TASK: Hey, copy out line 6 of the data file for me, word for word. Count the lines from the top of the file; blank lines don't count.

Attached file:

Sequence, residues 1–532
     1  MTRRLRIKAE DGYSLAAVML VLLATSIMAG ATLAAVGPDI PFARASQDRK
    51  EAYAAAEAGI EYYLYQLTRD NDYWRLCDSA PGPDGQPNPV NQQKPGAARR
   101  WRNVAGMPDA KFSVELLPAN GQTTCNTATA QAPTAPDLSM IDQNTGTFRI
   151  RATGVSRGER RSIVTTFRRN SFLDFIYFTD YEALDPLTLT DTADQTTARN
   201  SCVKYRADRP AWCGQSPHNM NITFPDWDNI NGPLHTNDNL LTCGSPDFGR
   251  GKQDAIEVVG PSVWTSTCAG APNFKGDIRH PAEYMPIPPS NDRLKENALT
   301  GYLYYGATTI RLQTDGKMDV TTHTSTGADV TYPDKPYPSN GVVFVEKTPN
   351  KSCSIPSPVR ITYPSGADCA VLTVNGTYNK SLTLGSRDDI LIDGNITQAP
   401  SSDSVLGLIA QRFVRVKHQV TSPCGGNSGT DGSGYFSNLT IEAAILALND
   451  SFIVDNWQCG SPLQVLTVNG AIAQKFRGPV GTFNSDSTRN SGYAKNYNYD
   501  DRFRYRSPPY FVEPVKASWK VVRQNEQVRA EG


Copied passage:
   201  SCVKYRADRP AWCGQSPHNM NITFPDWDNI NGPLHTNDNL LTCGSPDFGR